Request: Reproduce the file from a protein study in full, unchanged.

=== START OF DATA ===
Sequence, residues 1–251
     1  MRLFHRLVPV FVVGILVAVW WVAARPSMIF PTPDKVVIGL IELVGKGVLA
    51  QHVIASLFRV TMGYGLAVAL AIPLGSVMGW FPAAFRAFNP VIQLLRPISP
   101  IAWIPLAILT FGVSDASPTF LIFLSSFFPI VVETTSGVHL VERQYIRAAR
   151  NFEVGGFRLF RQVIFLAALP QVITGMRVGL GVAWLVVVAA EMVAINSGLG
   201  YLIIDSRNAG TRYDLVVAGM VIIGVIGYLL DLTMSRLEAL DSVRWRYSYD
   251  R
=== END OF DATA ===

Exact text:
Sequence, residues 1–251
     1  MRLFHRLVPV FVVGILVAVW WVAARPSMIF PTPDKVVIGL IELVGKGVLA
    51  QHVIASLFRV TMGYGLAVAL AIPLGSVMGW FPAAFRAFNP VIQLLRPISP
   101  IAWIPLAILT FGVSDASPTF LIFLSSFFPI VVETTSGVHL VERQYIRAAR
   151  NFEVGGFRLF RQVIFLAALP QVITGMRVGL GVAWLVVVAA EMVAINSGLG
   201  YLIIDSRNAG TRYDLVVAGM VIIGVIGYLL DLTMSRLEAL DSVRWRYSYD
   251  R